Plaintiff urges that because the assessment was an impermissible "spot assessment," the additional assessment was not a valid "added assessment," and the statutory provisions for property tax appeals do not apply to him. We have previously concluded that a party challenging the validity of an added assessment must comply with the statutory appeals provisions. Royal Bradley Associates v. Bradley Beach Borough, 252 N.J. Super. 401, 403-04 (App. Div. 1991). The Royal Bradley plaintiffs owned several condominium units for which the tax assessor had imposed added assessments following the property's conversion from a multi-family rental apartment building to individual condominium units. Challenging the added assessments as "invalid and void ab initio," the plaintiffs contended that the statute of limitations applicable to the appeal of added assessments was not pertinent to them. Id. at 403. We rejected their contention, emphasizing that subject matter jurisdiction depended on compliance with the statutory appeals procedure. Id. at 403-04. Nor does Township of West Milford v. Van Decker, 120 N.J. 354 (1990), on which plaintiff's substantive spot zoning argument is based, suggest the propriety of the procedure that plaintiff advocates. To the contrary, the Van Deckers' challenge to their added assessment was initiated with an appeal to the county board of taxation. Id. at 359. See also Corrado v. Township of Montclair, 18 N.J. Tax 200, 202 (Tax 1999) (observing that "[t]he [plaintiffs'] 1997 appeals [of the alleged spot assessments] were timely filed at the county board and Tax Court.").

We are also mindful of the traditional doctrine of the exhaustion of administrative remedies. "Except where it is manifest that the interest of justice requires otherwise, actions under R. 4:69 [Actions in Lieu of Prerogative Writs] shall not be maintainable as long as there is available a right of review before an administrative agency which has not been exhausted." R. 4:69-5. Our State's statutory scheme provides full administrative review of the property tax assessment of any aggrieved taxpayer. Pleasantville Taxpayers v. City of Pleasantville, 115 N.J. Super. 85, 88 (App. Div.), certif. denied, 59 N.J. 268 (1971). "Ordinarily the courts will not preempt the jurisdiction of county boards in the absence of countervailing circumstances demonstrating that the interest of justice requires otherwise." Ibid. Taxpayer challenges to allegedly discriminatory assessments do not fall within the exception. Ibid. In addition, the same policy applicable to limitations on tax appeals generally applies here: undue delay is prejudicial to the municipality, which relies on its tax ratables to establish its budget and conduct its business affairs. F.M.C. Stores, 100 N.J. at 425. See also Mobil Admin. Serv. Co. v. Mansfield Tp., 15 N.J. Tax 583, 593-94 (Tax 1996), aff'd, 17 N.J. Tax 509 (App. Div. 1997) (explaining that the statutory limitations period will not be extended when that policy would be thwarted).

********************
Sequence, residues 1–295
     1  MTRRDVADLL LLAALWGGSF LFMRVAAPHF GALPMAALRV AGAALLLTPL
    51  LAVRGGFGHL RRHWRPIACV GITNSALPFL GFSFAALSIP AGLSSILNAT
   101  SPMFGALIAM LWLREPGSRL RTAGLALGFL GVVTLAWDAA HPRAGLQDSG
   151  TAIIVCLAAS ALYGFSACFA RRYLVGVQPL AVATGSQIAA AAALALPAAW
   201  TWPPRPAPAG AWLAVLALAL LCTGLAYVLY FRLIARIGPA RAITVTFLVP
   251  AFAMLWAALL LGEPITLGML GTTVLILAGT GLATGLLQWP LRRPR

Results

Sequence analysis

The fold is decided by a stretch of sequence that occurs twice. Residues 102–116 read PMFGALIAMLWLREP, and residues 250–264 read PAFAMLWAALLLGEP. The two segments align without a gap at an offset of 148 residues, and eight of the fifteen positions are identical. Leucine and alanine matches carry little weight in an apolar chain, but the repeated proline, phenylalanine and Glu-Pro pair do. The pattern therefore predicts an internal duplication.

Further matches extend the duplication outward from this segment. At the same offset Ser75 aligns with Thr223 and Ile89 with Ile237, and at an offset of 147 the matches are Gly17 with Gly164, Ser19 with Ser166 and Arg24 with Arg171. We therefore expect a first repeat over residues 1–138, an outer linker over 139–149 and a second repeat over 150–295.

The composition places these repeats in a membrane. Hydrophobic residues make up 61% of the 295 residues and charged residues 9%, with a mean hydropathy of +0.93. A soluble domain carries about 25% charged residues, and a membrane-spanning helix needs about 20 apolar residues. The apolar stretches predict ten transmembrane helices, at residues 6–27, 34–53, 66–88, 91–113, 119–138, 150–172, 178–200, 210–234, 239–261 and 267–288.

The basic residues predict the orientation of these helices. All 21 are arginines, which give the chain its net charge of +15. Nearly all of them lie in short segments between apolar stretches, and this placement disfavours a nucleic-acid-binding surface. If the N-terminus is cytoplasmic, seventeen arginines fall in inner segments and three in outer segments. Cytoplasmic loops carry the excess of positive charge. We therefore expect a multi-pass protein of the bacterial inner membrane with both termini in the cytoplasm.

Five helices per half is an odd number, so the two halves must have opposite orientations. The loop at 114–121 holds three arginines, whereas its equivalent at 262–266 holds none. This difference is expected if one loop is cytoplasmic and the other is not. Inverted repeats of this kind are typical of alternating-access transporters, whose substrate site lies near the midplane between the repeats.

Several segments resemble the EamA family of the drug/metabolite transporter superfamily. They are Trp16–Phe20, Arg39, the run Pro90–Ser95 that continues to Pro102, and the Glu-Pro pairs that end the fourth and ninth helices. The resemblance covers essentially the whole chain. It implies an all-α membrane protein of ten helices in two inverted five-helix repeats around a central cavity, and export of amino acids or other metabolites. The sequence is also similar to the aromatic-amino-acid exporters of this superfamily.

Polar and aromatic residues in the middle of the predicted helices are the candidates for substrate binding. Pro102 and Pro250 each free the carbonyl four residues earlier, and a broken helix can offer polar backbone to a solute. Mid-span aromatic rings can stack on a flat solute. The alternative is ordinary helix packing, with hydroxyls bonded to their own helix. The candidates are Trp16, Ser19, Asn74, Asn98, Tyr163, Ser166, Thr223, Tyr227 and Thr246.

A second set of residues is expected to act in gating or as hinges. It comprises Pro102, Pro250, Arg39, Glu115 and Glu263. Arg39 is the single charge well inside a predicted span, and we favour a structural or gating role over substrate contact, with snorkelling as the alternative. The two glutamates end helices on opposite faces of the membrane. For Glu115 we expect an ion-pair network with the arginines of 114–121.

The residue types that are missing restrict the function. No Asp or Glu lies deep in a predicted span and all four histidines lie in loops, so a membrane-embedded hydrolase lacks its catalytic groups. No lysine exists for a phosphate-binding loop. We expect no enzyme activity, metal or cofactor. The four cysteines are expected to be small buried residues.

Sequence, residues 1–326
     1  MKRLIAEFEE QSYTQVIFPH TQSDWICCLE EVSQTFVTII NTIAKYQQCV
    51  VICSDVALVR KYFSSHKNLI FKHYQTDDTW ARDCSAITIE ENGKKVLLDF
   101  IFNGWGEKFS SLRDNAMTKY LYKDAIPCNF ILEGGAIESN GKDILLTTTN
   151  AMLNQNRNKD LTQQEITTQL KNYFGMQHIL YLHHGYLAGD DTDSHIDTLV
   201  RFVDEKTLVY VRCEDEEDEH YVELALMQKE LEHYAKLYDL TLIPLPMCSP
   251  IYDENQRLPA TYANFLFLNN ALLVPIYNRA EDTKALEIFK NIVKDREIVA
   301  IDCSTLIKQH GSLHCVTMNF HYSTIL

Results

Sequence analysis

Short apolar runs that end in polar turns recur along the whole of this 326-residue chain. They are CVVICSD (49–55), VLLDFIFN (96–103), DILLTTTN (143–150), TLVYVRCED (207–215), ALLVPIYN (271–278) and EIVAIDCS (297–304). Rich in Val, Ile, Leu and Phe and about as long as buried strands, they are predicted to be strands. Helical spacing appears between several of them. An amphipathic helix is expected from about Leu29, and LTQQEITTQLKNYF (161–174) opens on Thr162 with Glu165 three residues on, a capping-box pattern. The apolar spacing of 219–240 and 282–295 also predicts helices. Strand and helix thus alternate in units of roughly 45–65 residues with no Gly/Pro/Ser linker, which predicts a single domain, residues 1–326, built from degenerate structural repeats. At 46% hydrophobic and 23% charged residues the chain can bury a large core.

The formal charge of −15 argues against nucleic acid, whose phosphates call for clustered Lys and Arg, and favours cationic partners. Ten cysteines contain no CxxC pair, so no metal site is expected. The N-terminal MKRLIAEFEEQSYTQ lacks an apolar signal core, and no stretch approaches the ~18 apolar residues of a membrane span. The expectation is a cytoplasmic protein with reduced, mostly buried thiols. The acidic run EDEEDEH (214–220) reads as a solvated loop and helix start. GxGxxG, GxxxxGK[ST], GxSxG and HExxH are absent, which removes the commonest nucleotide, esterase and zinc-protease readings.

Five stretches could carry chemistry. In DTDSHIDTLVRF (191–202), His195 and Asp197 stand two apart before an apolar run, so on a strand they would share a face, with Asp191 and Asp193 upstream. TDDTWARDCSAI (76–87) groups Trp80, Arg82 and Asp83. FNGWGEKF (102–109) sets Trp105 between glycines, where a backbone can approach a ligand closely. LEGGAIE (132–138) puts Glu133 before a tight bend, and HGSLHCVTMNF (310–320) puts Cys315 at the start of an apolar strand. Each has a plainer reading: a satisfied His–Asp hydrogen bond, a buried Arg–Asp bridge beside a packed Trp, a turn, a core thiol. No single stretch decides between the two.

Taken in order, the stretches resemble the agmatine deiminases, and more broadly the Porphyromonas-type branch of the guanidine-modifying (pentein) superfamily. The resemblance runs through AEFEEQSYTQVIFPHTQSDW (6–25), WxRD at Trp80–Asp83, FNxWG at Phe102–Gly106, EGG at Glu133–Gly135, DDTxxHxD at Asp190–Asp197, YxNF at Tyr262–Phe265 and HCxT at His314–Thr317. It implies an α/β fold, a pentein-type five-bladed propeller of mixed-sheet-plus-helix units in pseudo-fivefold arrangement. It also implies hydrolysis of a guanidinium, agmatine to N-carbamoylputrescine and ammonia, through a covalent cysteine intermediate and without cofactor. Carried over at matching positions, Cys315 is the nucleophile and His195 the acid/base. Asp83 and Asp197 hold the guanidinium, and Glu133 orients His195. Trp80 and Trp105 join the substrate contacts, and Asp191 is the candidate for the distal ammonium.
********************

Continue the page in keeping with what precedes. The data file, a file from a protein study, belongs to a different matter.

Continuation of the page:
Exceptions have been made for challenges to an assessor's overall procedures, as contrasted with the assessment of a particular parcel of real property. J.H. Becker, Inc. v. Township of Marlboro, 82 N.J. Super. 519, 526-27 (App. Div. 1964). Even in cases addressing challenges to the fairness and uniformity of assessments throughout the municipality, an action in lieu of prerogative writ is appropriate only for an initial action to compel an assessor to exercise discretion and perform assessments, not to challenges of the valuations which the assessor established, no matter how inappropriate or inequitable the valuations appear to the taxpayer. Id. at 527-28.

Nor do constitutional implications, of themselves, justify waiving or, more candidly, ignoring the administrative remedy requirement. Paterson Redevelopment Agency v. Schulman, 78 N.J. 378, 387, cert. denied, 444 U.S. 900, 110 S. Ct. 210, 62 L. Ed.2d 136 (1979). A court may waive the requirement that a litigant first pursue administrative remedies based on a constitutional question only when there are no factual disputes or questions of the applicability of relevant statutory provisions. Id. at 387-88.

For example, the Supreme Court declined to require an exhaustion of administrative tax remedies in a case challenging, in part on constitutional grounds, apportionment of taxes for a regional school district among the constituent municipalities. Borough of Matawan v. Monmouth County Bd. of Taxation, 51 N.J. 291, 297 (1968). But when a trucking company's challenge to corporate franchise taxes was in part constitutional, the Court required exhaustion of administrative remedies, noting that, when a taxpayer asserts the unconstitutionality of a statute as applied, administrative officials are best suited to examine the nature of the tax and the relevant facts pertinent to the taxpayer's claim. Roadway Express, Inc. v. Kingsley, 37 N.J. 136, 140 (1962). This is especially true when the nature of the dispute calls upon the county board's expertise in property valuation. City of East Orange v. Township of Livingston, 102 N.J. Super. 512, 520-21 (Law Div. 1968), aff'd, 54 N.J. 96 (1969). Here, the parties dispute whether the added assessment was an unconstitutional spot assessment based solely on plaintiff's purchase price or whether it brought a previous partial assessment up to full value. The county board was best equipped to find and evaluate the relevant facts.